Nesting Black-billed Magpies

Black-billed Magpie with nesting materialBlack-billed Magpie with nesting material – D200, f6.3, 1/1500, ISO 400, 200-400mm VR at 400mm, +0.3 EV, natural light, not a set up

I have mentioned before that the more I know about each species the better my chances are for creating wonderful images of the birds because I can anticipate what the birds might do next on my “about page” and in conversations with other bird photographers. I try to learn as much as I can about a subject I am interested in photographing through bird guides, reference books or on line at BNA (a subscription site) but my powers of observation, the ability to detect certain behaviors  and knowledge about the habits of my target species are also very important skills that benefit my bird photography.

Black-billed Magpie flying towards its nestBlack-billed Magpie flying towards its nest – D200, f6.3, 1/1000, ISO 400, 200-400mm VR at 360mm, +0.3 EV, natural light, not a set up

These images of nesting Black-billed Magpies (Pica hudsonia) would not have been possible without my powers of observation.  Black-billed Magpies are common in Utah, western Canada, the west and southwest US and can range as far north as Alaska. In some places, like Rocky Mountain National Park and Yellowstone magpies can be fairly easy to approach, I don’t find that to be the case in my local parks, wildlife refuges and nature preserves. Magpies can be very wary of people here.

One day while out on Antelope Island State Park while looking for other birds to photograph from a distance I noticed a Black-billed Magpie in flight and it appeared to have something in its bill. Then I saw it land on a sagebrush and disappear inside the branches. I wondered about it for a few seconds then saw the bird leave the sage brush and it didn’t look at all like it had anything in its bill. Then I saw another magpie fly into the sagebrush with a small twig in the bill. Also from that distance I saw what looked like a nest so I had to get closer.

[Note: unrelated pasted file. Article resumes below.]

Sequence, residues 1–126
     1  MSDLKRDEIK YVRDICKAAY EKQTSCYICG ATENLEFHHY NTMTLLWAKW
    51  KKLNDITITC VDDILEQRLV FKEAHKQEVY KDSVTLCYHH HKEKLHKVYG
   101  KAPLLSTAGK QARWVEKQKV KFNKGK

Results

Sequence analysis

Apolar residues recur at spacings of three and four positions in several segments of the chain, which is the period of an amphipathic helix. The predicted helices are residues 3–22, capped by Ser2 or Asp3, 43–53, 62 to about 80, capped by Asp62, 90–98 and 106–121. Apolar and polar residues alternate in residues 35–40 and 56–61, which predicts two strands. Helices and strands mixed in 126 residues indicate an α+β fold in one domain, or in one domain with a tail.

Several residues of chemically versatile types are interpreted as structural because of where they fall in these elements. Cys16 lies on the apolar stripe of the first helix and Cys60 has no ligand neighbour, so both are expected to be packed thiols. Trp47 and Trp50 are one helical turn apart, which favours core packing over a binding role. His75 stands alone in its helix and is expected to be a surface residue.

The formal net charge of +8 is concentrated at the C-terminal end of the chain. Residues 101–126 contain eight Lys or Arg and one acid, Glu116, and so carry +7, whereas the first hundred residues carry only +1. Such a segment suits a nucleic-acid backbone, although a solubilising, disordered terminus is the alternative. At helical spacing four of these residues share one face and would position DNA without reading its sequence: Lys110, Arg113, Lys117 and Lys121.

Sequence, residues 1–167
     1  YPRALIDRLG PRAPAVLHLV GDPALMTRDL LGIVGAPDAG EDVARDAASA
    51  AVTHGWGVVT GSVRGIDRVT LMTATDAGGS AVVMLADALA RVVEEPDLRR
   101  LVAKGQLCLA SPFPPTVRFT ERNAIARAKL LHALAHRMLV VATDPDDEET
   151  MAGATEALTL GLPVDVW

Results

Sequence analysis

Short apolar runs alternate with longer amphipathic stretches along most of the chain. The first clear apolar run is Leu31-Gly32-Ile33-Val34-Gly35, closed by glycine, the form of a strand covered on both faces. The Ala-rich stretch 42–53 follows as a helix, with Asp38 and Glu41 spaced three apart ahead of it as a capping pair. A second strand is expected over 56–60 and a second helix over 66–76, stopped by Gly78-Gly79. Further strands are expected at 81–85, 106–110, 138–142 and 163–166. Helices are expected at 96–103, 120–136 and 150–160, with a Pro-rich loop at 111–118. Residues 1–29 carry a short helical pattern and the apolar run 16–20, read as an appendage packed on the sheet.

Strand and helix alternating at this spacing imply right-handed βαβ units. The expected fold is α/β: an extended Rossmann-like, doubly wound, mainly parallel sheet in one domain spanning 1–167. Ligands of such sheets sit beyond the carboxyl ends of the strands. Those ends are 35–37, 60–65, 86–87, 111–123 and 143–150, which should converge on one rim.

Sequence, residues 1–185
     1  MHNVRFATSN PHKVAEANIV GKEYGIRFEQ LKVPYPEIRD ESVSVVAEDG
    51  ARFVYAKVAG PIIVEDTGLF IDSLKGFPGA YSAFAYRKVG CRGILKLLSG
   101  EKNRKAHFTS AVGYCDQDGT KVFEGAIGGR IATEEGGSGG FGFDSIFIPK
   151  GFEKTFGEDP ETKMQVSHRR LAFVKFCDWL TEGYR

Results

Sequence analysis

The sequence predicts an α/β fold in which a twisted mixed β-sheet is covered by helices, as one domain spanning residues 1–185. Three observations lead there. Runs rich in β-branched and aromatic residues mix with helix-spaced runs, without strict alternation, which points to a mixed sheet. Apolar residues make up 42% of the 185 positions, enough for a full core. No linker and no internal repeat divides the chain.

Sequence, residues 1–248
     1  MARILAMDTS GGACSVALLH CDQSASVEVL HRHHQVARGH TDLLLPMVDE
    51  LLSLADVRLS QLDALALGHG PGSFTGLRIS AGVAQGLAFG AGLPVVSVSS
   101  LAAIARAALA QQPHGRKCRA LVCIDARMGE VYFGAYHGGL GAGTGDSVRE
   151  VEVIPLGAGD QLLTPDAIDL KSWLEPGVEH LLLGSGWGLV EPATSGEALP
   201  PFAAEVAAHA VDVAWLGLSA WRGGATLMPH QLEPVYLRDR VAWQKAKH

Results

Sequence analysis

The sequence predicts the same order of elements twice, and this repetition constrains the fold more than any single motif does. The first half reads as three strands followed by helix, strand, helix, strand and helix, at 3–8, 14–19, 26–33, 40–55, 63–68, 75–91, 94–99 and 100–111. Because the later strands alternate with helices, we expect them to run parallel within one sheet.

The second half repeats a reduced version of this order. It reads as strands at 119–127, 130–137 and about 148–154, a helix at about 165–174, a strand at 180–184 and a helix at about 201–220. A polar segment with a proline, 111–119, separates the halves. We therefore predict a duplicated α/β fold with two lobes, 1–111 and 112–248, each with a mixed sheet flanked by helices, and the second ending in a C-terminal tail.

Black-billed Magpie with its head cockedBlack-billed Magpie with its head cocked – D200, f6.3, 1/800, ISO 320, 200-400mm VR at 390mm, +0.3 EV, natural light, not a set up

After carefully getting closer I was able to verify that my observations were correct, the magpies were constructing a nest in the sagebrush.  If I had not been paying attention to the first magpie’s activity and behavior I would have missed the opportunity to photograph these birds and their nesting habits over the next several weeks.

After spotting the nest magpies the first time I did some research and found out that Black-billed Magpies take approximately 40-50 days to construct their nests. The nest I spotted was nearing completion so I will know next spring to look for nesting magpies about 4 weeks sooner to take full advantage of photographing them and their nesting activity.

Black-billed Magpie with a twigBlack-billed Magpie with a twig – D200, f7.1, 1/1250, ISO 400, 200-400mm VR at 400mm, 0.0 EV, natural light, not a set up